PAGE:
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Bar chart

Example of a bar chart.

A bar chart or bar graph is a chart that presents Grouped data with rectangular bars with lengths proportional to the values that they represent. The bars can be plotted vertically or horizontally. A vertical bar chart is sometimes called a column bar chart.

A bar graph is a chart that uses either horizontal or vertical bars to show comparisons among categories. One axis of the chart shows the specific categories being compared, and the other axis represents a discrete value. Some bar graphs present bars clustered in groups of more than one (grouped bar graphs), and others show the bars divided into subparts to show cumulative effect (stacked bar graphs).

Contents

  • History 1
  • Usage 2
  • See also 3
  • References 4
  • External links 5

History

Bar chart by William Playfair, 1786

The first bar graph appeared in the 1786 book The Commercial and Political Atlas, by William Playfair (1759-1823). Playfair was a pioneer in the use of graphical displays and wrote extensively about them.

This bar chart by William Playfair from 1786 showed the "Exports and Imports of Scotland to and from different parts for one Year from Christmas 1780 to Christmas 1781."

Usage

Bar charts have a discrete range. Bar charts are usually scaled so that all the data can fit on the chart. Bars on the chart may be arranged in any order. Bar charts arranged from highest to lowest incidence are called Pareto charts. Normally, bars showing frequency will be arranged in chronological (time) sequence. Grouped bar graph usually present the information in the same order in each grouping. Stacked bar graphs present the information in the same sequence on each bar.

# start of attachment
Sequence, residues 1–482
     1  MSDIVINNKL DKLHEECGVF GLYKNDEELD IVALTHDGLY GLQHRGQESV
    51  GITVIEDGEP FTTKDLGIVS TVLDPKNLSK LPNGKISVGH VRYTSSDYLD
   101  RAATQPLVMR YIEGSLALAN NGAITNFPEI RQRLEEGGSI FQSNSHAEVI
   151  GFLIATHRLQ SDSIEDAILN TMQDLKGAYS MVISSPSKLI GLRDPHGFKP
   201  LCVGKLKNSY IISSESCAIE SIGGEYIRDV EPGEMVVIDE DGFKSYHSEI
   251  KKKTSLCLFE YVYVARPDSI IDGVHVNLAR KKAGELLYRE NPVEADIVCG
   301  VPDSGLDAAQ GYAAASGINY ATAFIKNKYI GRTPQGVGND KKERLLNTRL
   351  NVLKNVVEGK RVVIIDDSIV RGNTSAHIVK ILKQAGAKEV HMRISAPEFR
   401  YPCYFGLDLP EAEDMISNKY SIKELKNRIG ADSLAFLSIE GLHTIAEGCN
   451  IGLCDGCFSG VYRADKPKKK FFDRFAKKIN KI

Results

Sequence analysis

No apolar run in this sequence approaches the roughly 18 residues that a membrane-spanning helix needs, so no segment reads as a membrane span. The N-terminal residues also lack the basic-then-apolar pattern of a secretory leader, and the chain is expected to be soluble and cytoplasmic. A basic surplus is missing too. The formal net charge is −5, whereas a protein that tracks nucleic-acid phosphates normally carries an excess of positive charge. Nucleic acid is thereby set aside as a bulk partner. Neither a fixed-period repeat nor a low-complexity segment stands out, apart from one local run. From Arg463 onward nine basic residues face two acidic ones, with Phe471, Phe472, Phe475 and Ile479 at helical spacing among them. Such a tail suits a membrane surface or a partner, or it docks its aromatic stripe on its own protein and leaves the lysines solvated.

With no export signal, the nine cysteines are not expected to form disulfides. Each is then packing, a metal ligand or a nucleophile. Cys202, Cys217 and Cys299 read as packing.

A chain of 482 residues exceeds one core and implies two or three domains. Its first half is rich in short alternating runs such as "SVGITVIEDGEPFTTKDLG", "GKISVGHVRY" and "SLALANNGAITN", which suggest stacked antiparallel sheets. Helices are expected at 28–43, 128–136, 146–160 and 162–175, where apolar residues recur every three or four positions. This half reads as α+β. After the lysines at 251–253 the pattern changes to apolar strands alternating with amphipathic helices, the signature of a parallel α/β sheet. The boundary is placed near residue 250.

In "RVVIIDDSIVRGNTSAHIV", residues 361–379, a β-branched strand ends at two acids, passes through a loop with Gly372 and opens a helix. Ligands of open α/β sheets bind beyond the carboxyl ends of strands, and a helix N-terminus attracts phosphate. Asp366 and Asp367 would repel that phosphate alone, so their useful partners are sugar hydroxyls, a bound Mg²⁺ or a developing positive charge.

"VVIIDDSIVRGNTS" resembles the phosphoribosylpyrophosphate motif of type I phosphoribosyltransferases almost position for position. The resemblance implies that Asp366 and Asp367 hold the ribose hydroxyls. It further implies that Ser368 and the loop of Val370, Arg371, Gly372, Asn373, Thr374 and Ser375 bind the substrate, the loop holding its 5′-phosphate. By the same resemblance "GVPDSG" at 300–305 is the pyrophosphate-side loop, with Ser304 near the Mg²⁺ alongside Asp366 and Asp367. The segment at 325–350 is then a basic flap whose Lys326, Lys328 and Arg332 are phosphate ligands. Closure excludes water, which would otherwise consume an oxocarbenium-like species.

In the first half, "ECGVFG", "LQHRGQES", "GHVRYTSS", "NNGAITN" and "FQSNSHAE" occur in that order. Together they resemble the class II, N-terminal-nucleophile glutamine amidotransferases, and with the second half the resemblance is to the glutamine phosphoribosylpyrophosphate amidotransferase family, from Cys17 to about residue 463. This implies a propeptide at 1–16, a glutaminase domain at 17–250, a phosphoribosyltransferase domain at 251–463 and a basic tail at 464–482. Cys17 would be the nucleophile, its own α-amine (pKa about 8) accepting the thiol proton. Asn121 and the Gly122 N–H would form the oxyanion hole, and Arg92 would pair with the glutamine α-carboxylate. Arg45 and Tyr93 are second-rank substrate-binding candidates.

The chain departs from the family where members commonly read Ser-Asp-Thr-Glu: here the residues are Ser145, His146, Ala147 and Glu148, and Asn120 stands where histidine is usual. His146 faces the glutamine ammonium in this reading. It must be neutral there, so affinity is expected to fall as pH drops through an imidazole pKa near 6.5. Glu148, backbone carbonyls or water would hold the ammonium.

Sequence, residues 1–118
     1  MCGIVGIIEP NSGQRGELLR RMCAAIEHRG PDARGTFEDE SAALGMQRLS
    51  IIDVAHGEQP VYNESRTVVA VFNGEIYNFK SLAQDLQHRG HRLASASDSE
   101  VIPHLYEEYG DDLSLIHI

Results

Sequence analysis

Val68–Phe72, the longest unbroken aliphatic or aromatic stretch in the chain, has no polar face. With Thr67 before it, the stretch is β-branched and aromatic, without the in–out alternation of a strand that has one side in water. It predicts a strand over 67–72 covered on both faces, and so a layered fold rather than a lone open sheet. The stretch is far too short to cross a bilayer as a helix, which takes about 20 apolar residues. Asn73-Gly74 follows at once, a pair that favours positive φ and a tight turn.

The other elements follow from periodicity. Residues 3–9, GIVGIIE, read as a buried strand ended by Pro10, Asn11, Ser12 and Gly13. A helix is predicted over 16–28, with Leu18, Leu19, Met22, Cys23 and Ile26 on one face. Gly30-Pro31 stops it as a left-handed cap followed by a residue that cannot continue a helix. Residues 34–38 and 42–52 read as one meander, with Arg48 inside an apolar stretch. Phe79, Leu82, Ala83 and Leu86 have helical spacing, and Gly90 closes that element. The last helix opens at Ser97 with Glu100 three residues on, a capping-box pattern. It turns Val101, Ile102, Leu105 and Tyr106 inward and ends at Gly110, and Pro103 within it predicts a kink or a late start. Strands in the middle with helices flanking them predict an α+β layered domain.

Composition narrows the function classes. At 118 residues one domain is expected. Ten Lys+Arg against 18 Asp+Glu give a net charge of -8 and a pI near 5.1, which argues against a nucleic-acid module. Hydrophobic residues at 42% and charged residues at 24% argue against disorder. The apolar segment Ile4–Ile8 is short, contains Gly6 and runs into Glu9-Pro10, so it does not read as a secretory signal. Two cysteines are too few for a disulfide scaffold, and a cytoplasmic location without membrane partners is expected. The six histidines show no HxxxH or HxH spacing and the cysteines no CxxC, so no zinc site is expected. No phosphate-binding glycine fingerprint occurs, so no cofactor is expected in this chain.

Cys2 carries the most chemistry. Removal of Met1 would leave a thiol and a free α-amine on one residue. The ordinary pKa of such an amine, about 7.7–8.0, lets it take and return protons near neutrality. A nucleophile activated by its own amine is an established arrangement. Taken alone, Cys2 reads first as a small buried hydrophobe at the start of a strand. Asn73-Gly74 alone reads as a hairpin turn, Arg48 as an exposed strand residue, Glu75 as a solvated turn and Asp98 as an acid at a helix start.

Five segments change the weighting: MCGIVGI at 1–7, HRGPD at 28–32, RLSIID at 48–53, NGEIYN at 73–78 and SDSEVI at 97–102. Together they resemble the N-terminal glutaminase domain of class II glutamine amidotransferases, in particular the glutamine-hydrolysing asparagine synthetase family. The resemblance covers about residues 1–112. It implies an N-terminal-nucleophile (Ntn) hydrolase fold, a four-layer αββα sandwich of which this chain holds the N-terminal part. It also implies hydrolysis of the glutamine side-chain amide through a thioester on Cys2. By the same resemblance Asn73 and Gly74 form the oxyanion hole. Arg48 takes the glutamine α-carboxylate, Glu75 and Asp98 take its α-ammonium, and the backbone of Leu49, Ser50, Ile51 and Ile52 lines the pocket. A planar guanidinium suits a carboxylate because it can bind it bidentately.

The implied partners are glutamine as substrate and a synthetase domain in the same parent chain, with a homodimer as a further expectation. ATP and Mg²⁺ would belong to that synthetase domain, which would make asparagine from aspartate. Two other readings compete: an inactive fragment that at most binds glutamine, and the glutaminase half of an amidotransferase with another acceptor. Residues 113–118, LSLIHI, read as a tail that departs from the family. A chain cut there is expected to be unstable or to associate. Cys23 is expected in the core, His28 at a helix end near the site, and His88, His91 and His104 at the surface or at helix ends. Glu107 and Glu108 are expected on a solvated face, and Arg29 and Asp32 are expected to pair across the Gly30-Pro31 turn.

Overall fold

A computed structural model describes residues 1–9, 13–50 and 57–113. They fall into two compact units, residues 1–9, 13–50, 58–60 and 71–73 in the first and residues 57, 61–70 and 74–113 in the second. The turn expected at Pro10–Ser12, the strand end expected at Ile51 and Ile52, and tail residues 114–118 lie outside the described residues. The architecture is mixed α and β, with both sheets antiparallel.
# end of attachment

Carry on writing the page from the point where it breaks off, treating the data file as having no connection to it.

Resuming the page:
Bar graphs charts provide a visual presentation of categorical data.[1] Categorical data is a grouping of data into discrete groups, such as months of the year, age group, shoe sizes, and animals. These categories are usually qualitative. In a column bar chart, the categories appear along the horizontal axis; the height of the bar corresponds to the value of each category.

Bar graphs can also be used for more complex comparisons of data with grouped bar charts and stacked bar charts.[1] In a grouped bar chart, for each categorical group there are two or more bars. These bars are color-coded to represent a particular grouping. For example, a business owner with two stores might make a grouped bar chart with different colored bars to represent each store: the horizontal axis would show the months of the year and the vertical axis would show the revenue. Alternatively, a stacked bar chart could be used. The stacked bar chart stacks bars that represent different groups on top of each other. The height of the resulting bar shows the combined result of the groups. However, stacked bar charts are not suited to datasets where some groups have negative values. In such cases, grouped bar charts are preferable.

See also

References

  1. ^ a b Kelley, W. M.; Donnelly, R. A. (2009) The Humongous Book of Statistics Problems. New York, NY: Alpha Books ISBN 1592578659

External links

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